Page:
For the month of January, the top NRM tip is: think beyond the crop, consider your surrounding natural areas.
To improve the abundance and diversity of natural predators and pollinators (like the European honey bee), consider native vegetation as part of your cropping system. Research shows that native vegetation along field edges can increase pest control in the field, and if pressure is still high, pollination can reduce the yield loss.
QDAF's Dr Paul Grundy talks first irrigation in a water challenged season for Central QLD growers:
Considering planting dryland cotton this season? In this article, QLD DAF's Paul Grundy talks about the environmental factors that impact cotton establishment in dryland cotton.
When you break it down, seedling establishment is dependent on two things:
Mike Bange, Senior Principal Research Scientist, CSIRO and James Quinn, Marketing & Extension Lead, CSD are often asked questions regarding limited water decisions. Here are their answers to commonly asked questions:
Which configurations yield highest?
Fully irrigated solid planted cotton will out-yield wider row configurations on a per hectare basis NOT necessarily on a per ML basis. (Figure 1).
In this blog, Richard Sequeira provides information on silverleaf whitefly (SLW) and solenopsis mealybug for cotton growers in the 2017-18 season.
The TIMS committee has approved a 30-day window for the application of pyriproxifen (Admiral) to control whitefly (SLW) in all cotton growing districts/areas in Australia, beginning in the 2017-18 season:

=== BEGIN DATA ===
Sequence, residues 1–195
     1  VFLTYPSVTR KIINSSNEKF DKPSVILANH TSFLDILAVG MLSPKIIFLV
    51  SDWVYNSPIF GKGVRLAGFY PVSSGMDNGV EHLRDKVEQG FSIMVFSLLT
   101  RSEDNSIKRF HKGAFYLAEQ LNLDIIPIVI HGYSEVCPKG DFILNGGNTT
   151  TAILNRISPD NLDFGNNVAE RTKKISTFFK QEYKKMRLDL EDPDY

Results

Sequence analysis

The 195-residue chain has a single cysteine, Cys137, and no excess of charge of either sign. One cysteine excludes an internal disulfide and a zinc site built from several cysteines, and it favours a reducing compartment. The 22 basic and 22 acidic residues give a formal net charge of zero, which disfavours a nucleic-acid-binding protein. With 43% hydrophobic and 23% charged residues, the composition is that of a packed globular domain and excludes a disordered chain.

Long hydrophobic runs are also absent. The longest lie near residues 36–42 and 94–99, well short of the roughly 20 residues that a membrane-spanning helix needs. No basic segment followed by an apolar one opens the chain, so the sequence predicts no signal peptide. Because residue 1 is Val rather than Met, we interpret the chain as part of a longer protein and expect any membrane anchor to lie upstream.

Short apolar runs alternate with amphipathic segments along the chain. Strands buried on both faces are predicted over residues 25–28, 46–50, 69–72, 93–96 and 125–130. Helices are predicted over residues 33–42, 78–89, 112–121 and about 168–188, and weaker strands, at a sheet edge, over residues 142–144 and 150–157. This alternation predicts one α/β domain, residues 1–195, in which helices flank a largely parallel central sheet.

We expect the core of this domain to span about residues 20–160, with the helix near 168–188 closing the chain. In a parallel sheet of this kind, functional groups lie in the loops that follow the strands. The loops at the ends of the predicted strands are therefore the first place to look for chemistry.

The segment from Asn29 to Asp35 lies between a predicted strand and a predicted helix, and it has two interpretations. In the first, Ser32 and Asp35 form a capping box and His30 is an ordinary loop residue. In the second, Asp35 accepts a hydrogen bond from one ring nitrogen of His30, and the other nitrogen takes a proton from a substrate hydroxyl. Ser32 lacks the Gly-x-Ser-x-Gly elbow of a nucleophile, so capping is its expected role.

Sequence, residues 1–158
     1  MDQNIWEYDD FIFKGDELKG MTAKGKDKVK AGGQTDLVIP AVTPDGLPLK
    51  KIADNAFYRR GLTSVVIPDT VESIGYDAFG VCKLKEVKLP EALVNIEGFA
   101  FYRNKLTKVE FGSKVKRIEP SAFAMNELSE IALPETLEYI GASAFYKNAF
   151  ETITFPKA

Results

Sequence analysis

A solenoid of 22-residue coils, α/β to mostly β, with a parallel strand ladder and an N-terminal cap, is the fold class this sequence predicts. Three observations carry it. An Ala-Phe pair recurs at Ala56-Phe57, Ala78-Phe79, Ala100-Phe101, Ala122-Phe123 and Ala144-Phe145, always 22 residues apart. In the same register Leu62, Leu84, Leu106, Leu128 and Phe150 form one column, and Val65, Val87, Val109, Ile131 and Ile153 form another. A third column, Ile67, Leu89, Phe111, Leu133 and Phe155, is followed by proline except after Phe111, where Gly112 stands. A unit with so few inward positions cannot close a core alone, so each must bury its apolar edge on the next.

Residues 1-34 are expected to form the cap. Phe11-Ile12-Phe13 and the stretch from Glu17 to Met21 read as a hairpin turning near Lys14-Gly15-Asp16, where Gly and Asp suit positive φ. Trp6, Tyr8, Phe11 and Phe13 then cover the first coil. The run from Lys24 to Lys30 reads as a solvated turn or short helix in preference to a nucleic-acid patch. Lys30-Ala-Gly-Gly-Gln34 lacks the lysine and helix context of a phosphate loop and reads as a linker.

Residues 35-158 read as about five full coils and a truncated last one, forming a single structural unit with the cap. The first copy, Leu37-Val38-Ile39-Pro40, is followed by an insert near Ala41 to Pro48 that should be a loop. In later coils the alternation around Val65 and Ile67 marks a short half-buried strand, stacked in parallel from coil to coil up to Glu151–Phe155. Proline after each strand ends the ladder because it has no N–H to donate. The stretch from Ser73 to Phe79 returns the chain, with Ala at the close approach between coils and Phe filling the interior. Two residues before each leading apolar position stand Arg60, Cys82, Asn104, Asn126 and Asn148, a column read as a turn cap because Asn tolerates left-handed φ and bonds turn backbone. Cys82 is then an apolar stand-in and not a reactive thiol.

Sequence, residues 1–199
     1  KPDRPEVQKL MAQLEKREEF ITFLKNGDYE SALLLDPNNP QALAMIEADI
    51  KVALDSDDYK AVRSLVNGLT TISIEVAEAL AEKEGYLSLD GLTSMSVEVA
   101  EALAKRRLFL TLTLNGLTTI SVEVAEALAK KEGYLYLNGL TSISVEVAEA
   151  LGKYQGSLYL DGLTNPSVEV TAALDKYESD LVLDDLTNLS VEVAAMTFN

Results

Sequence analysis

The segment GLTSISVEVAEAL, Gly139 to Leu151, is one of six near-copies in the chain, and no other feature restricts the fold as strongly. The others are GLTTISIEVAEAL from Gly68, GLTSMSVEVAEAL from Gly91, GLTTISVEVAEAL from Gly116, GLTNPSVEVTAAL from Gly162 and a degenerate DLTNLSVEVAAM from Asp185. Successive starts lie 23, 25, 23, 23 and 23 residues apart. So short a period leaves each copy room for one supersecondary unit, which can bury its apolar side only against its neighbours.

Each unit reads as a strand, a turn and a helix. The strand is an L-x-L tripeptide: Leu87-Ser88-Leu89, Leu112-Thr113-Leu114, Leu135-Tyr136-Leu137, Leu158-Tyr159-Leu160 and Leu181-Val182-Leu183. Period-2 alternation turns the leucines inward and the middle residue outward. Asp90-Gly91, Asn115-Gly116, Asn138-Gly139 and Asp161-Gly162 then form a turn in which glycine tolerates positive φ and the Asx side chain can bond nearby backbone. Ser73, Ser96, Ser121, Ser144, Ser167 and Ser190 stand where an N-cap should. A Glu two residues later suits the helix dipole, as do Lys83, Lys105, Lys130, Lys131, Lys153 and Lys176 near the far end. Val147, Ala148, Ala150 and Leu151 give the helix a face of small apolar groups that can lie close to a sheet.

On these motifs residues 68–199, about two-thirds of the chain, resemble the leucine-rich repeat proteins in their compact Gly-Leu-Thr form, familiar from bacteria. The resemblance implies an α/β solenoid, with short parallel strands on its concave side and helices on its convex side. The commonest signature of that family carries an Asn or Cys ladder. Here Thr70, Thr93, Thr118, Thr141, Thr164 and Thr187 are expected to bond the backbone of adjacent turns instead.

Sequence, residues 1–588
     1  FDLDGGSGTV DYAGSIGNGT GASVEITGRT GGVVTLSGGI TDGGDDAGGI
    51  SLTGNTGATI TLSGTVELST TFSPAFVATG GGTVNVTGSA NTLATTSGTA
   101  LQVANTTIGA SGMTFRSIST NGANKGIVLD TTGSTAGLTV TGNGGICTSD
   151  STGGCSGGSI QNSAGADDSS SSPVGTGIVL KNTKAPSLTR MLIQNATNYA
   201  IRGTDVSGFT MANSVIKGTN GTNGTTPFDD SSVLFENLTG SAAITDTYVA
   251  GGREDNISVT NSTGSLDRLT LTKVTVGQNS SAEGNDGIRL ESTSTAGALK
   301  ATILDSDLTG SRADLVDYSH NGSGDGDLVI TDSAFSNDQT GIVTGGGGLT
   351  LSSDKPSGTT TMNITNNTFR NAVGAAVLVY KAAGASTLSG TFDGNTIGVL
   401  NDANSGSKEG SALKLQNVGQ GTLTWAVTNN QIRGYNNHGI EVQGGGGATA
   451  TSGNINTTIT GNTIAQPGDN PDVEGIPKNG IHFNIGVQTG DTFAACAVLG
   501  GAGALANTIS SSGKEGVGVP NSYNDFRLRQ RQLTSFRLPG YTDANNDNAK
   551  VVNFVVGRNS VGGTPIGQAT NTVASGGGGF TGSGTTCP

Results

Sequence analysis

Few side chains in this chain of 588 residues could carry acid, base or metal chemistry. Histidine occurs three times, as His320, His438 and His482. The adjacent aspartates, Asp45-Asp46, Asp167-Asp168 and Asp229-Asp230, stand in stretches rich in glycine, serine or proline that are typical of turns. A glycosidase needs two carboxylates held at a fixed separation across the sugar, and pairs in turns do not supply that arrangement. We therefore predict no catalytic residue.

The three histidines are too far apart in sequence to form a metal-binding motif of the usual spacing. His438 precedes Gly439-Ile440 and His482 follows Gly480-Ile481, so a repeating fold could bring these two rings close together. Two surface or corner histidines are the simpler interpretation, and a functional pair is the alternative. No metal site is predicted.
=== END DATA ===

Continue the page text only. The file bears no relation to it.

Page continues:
Q: Why is a 30-day window necessary?
Cotton growers are invited to participate in a water productivity benchmarking study, from the NSW Department of Primary Industries (DPI) Agriculture Division, over the 2017-18 season.
The 2017-18 survey, which is delivered with support from the Cotton Research and Development Corporation (CRDC), follows on from similar surveys in 2006-07, 2008-09 and 2012-13, which found that the cotton industry has achieved a 40 per cent increase in water productivity since the study conducted by Tennakoon and Milroy (2003) (0.79 bales per megalitre) 10 years earlier.
by QDAF researcher, Dr Paul Grundy:
There are a number of things to consider for nitrogen, first irrigation and pest management that will have an important bearing on crop development and yield potential in the CQ environment. The way in which these factors interact depends on the weather both leading up to and after operations take place. Critically these interactions vary significantly depending on whether a crop is sown early (August to early Sept) or late (late November and December).